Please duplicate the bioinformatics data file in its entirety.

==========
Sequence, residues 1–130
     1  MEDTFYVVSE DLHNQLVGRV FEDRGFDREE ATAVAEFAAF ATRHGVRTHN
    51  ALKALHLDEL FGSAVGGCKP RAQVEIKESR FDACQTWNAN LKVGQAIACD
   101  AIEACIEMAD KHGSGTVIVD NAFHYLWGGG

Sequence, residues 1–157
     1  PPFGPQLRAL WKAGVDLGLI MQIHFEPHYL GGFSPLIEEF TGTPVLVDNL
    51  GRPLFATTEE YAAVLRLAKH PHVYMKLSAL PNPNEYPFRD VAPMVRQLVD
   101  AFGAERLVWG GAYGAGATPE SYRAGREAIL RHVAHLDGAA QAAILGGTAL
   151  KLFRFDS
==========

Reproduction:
Sequence, residues 1–130
     1  MEDTFYVVSE DLHNQLVGRV FEDRGFDREE ATAVAEFAAF ATRHGVRTHN
    51  ALKALHLDEL FGSAVGGCKP RAQVEIKESR FDACQTWNAN LKVGQAIACD
   101  AIEACIEMAD KHGSGTVIVD NAFHYLWGGG

Sequence, residues 1–157
     1  PPFGPQLRAL WKAGVDLGLI MQIHFEPHYL GGFSPLIEEF TGTPVLVDNL
    51  GRPLFATTEE YAAVLRLAKH PHVYMKLSAL PNPNEYPFRD VAPMVRQLVD
   101  AFGAERLVWG GAYGAGATPE SYRAGREAIL RHVAHLDGAA QAAILGGTAL
   151  KLFRFDS